Evolutionary conflict

Resistance to natural and synthetic gene drive systems

This review summarizes our current understanding of the evolution of resistance to naturally-occurring and synthetically-created gene drives. We explore how insights from earlier work might help us deelop evolution-proof gene drives, better predict …

Sibling rivalry versus mother's curse: can kin competition facilitate a response to selection on male mitochondria?

We find evidence that the mitochondrial DNA carried by _Drosophila_ larvae affects the fitness of other cohabiting larvae -- a mitochondrial 'indirect genetic effect'. This result implies that the effects of mitochondrial DNA on the phenotype of males (specifically, male larvae) may have evolutionary consequences, in contrast to the received wisdom that mtDNA inside males is 'invisible to selection' due to maternal inheritance of mtDNA.

Mother’s curse and indirect genetic effects: do males matter to mitochondrial genome evolution?

We argue that the effects of mitochondrial DNA on a male phenotype can respond to selection, provided that males interact with their female 'mitochondrial relatives', and that the male phenotype affects female fitness. We present experimental evidence that female fitness depends on the mitochondrial DNA carried by interacting males, and discuss the implications for 'mother's curse'.

Sexual selection improves population fitness: a systematic review and meta-analysis

We synthesised 459 effect sizes from 65 pertinent experimental evolution studies using meta-analysis, and found that sexual selection on males tends to elevate the mean and reduce the variance for many fitness traits. The beneficial effect was stronger in female traits than males, and for populations evolving under stressful conditions. The results have implications for conservation and captive breeding programs.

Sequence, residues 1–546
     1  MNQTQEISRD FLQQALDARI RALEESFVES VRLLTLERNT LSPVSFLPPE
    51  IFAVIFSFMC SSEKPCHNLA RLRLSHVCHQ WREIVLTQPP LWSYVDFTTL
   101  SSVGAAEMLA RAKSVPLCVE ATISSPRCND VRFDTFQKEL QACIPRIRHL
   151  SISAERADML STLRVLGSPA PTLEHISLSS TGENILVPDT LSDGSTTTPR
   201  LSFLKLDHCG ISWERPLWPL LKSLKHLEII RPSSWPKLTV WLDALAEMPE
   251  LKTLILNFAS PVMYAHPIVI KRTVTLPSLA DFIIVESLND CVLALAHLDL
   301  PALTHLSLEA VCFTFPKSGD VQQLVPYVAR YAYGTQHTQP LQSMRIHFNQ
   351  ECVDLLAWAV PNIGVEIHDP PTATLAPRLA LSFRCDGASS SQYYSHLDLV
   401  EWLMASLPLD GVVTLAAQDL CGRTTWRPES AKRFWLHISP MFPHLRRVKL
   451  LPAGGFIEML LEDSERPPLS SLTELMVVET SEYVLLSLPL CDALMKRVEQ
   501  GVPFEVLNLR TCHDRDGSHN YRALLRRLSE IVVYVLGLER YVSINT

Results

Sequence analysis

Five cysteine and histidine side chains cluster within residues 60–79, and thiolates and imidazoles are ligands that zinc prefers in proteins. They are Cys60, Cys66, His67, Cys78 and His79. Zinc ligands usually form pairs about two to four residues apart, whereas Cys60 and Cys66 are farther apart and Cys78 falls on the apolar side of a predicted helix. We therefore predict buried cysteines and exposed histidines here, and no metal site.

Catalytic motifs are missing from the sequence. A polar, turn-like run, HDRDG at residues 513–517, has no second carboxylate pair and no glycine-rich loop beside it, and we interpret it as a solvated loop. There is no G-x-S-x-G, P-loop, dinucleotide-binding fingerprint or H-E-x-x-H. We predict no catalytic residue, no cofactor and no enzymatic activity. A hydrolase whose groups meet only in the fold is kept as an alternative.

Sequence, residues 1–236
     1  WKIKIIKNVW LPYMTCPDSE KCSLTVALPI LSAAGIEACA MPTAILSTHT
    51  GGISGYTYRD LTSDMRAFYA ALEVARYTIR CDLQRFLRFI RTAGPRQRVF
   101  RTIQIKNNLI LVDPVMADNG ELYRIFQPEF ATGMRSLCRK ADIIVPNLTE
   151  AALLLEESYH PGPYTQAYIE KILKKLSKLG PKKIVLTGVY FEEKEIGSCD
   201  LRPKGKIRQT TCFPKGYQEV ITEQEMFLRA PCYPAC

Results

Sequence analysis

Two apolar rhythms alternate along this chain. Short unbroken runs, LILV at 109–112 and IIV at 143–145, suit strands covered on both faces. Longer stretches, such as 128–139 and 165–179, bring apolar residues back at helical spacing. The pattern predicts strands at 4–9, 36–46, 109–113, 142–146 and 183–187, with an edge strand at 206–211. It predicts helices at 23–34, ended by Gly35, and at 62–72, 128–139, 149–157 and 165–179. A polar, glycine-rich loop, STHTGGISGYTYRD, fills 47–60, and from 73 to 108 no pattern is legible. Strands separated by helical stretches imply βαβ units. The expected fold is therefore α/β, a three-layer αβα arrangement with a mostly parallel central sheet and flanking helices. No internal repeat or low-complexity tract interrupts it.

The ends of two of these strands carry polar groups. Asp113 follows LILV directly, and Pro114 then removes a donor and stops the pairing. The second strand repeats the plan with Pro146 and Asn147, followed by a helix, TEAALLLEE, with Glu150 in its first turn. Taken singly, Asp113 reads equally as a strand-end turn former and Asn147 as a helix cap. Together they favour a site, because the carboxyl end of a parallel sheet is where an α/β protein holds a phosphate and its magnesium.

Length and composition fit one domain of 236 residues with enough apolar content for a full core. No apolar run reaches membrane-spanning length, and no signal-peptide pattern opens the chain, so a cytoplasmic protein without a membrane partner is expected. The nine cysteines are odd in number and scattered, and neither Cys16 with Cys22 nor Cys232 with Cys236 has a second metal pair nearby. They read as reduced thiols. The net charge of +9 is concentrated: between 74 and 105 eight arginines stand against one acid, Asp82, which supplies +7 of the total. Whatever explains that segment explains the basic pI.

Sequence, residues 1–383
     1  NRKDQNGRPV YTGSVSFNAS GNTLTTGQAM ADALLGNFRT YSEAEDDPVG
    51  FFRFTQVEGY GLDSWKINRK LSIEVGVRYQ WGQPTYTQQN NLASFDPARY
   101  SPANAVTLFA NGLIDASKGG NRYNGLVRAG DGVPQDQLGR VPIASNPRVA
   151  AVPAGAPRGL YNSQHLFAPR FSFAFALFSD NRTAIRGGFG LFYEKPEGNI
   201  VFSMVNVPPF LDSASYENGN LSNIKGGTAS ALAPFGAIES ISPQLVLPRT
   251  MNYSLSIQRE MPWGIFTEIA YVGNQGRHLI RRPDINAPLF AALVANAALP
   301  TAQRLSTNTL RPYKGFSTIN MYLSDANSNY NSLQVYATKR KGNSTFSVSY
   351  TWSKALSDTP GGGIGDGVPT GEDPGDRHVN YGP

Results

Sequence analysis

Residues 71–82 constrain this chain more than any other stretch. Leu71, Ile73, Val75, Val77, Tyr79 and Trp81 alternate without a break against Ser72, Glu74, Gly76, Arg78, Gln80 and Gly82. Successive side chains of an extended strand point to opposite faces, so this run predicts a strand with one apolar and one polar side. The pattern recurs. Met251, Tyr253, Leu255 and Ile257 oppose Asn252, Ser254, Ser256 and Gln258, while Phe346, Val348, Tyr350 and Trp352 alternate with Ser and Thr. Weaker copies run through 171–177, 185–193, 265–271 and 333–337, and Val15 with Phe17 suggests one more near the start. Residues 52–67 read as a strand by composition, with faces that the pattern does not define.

Building a new research framework for social evolution: Intralocus caste antagonism

The breeding and non-breeding ‘castes’ of eusocial insects provide a striking example of role-specific selection, where each caste maximises fitness through different morphological, behavioural and physiological trait values. Typically, queens are …

The effects of stress and sex on selection, genetic covariance, and the evolutionary response

The capacity of a population to adapt to selection (evolvability) depends on whether the structure of genetic variation permits the evolution of fitter trait combinations. Selection, genetic variance and genetic covariance can change under …

The ecology and evolutionary dynamics of meiotic drive

Both naturally occurring and synthetic ‘meiotic drivers’ violate Mendel's law of equal segregation and can rapidly spread through populations even when they reduce the fitness of individuals carrying them. Synthetic drivers are being developed to …

Assessing the alignment of sexual and natural selection using radio-mutagenized seed beetles

A major unsolved question in evolutionary biology concerns the relationship between natural and sexual selection. Sexual selection might augment natural selection, for example if mutations that harm female fecundity also reduce male mating success. …

Coevolutionary dynamics of polyandry and sex-linked meiotic drive

Segregation distorters located on sex chromosomes are predicted to sweep to fixation and cause extinction via a shortage of one sex, but in nature they are often found at low, stable frequencies. One potential resolution to this longstanding puzzle …

The evolution of genomic imprinting: Costs, benefits and long-term consequences

Genomic imprinting refers to a pattern of gene expression in which a specific parent's allele is either under-expressed or completely silenced. Imprinting is an evolutionary conundrum because it appears to incur the costs of diploidy (e.g. presenting …